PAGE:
Bruce Bartlett on Reality vs. The Conservative Movement

The conservative movement suffers from being dominated by extremists who drive out anyone who does not agree with all the counter-to-fact and irrational views which they now hold (which are very similar to the extremist views which William F. Buckley, Jr. purged from the conservative movement in the 1960′s.) Bruce Bartlett, who worked in the Reagan Administration, has found that it is not possible to simultaneously look at reality and be welcomed by other conservatives:

I’m not going to beat around the bush and pretend I don’t have a vested interest here. Frankly, I think I’m at ground zero in the saga of Republicans closing their eyes to any facts or evidence that conflict with their dogma. Rather than listen to me, they threw me under a bus. To this day, I don’t think they understand that my motives were to help them avoid the permanent decline that now seems inevitable.

Bartlett described his days in the conservative movement. His earliest disagreements were criticism of the second Bush administration, along with Congressional Republicans, from the right for their fiscal irresponsibility. This led to him writing the book, Impostor: How George W. Bush Bankrupted America and Betrayed the Reagan Legacy.  While MSNBC sometimes criticizes Obama from the left, the right wing noise machine didn’t have room for dissident views on the right:

Among the interesting reactions to my book is that I was banned from Fox News. My publicist was told that orders had come down from on high that it was to receive no publicity whatsoever, not even attacks. Whoever gave that order was smart; attacks from the right would have sold books. Being ignored was poison for sales.

I later learned that the order to ignore me extended throughout Rupert Murdoch’s empire. For example, I stopped being quoted in the Wall Street Journal.* Awhile back, a reporter who left the Journal confirmed to me that the paper had given her orders not to mention me. Other dissident conservatives, such as David Frum and Andrew Sullivan, have told me that they are banned from Fox as well. More epistemic closure.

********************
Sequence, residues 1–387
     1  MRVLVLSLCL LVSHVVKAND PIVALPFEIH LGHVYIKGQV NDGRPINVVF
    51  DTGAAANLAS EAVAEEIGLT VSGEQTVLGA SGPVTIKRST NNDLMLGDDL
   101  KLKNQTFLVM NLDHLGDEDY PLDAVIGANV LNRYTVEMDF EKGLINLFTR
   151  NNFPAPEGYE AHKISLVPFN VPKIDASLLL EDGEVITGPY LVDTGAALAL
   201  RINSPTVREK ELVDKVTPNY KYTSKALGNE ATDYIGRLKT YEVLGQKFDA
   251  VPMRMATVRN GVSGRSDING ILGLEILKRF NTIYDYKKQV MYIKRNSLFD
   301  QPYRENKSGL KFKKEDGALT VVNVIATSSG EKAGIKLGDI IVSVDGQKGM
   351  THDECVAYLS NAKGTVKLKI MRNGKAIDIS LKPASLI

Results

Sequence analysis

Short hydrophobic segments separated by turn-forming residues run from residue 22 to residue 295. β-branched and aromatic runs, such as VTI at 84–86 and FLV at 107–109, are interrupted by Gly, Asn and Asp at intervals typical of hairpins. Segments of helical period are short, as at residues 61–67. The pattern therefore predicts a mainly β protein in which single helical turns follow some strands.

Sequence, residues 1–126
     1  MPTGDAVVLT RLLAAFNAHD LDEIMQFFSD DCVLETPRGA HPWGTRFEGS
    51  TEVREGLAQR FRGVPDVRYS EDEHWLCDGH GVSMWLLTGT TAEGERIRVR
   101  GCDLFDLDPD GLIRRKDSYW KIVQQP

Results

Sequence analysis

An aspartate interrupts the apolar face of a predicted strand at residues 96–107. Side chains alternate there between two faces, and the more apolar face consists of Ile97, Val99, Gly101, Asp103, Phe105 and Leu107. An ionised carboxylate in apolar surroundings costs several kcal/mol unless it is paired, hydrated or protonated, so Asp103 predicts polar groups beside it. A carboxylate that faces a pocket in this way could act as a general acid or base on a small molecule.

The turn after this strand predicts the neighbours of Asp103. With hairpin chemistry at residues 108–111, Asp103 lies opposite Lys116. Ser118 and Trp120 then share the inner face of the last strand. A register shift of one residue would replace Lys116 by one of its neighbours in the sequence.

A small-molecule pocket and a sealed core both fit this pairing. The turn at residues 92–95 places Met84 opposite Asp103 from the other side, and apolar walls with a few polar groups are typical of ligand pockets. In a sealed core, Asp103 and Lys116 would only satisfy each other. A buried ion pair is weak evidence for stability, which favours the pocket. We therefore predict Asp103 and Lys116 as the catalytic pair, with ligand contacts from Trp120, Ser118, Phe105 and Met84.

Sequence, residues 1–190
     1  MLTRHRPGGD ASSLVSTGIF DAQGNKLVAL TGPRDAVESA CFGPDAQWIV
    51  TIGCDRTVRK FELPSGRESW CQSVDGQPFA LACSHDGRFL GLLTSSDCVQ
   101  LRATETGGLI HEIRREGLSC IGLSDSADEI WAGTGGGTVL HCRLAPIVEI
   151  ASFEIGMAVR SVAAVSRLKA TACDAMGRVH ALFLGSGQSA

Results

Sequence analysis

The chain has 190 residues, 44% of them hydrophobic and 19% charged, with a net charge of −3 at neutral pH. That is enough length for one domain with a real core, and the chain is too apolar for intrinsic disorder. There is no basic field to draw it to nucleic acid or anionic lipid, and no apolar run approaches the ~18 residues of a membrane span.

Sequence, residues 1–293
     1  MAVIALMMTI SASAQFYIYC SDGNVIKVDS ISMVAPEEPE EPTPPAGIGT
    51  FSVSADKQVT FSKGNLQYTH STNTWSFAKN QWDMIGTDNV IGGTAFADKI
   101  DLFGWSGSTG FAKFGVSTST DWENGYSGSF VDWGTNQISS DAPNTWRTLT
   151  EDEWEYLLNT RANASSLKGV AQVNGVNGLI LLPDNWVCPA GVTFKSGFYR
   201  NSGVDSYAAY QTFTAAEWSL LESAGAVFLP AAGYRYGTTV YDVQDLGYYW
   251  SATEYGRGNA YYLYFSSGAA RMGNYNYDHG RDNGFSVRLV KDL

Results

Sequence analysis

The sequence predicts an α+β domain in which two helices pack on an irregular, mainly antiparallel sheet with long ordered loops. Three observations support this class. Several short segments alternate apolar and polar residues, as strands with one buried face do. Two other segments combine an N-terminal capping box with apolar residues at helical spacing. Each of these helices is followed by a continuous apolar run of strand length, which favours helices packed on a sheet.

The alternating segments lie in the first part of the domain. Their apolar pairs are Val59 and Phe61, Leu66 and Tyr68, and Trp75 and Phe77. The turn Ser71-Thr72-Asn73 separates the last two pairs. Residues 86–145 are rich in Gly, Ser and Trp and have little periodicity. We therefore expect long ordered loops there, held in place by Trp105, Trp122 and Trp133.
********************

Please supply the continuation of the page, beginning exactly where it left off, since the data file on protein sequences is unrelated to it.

Bartlett’s analysis of the economy after the economic crash found him agreeing with Paul Krugman, and disagreeing with the right’s mischaracterization of Obama as a socialist:

Annoyingly, however, I found myself joined at the hip to Paul Krugman, whose analysis was identical to my own. I had previously viewed Krugman as an intellectual enemy and attacked him rather colorfully in an old column that he still remembers.

For the record, no one has been more correct in his analysis and prescriptions for the economy’s problems than Paul Krugman. The blind hatred for him on the right simply pushed me further away from my old allies and comrades.

The final line for me to cross in complete alienation from the right was my recognition that Obama is not a leftist. In fact, he’s barely a liberal—and only because the political spectrum has moved so far to the right that moderate Republicans from the past are now considered hardcore leftists by right-wing standards today. Viewed in historical context, I see Obama as actually being on the center-right.

He understands that the conservative echo chamber is largely responsible for Romney’s loss:

At least a few conservatives now recognize that Republicans suffer for epistemic closure. They were genuinely shocked at Romney’s loss because they ignored every poll not produced by a right-wing pollster such as Rasmussen or approved by right-wing pundits such as the perpetually wrong Dick Morris. Living in the Fox News cocoon, most Republicans had no clue that they were losing or that their ideas were both stupid and politically unpopular.

I am disinclined to think that Republicans are yet ready for a serious questioning of their philosophy or strategy. They comfort themselves with the fact that they held the House (due to gerrymandering) and think that just improving their get-out-the-vote system and throwing a few bones to the Latino community will fix their problem. There appears to be no recognition that their defects are far, far deeper and will require serious introspection and rethinking of how Republicans can win going forward. The alternative is permanent loss of the White House and probably the Senate as well, which means they can only temporarily block Democratic initiatives and never advance their own.

I’ve paid a heavy price, both personal and financial, for my evolution from comfortably within the Republican Party and conservative movement to a less than comfortable position somewhere on the center-left. Honest to God, I am not a liberal or a Democrat. But these days, they are the only people who will listen to me. When Republicans and conservatives once again start asking my opinion, I will know they are on the road to recovery.

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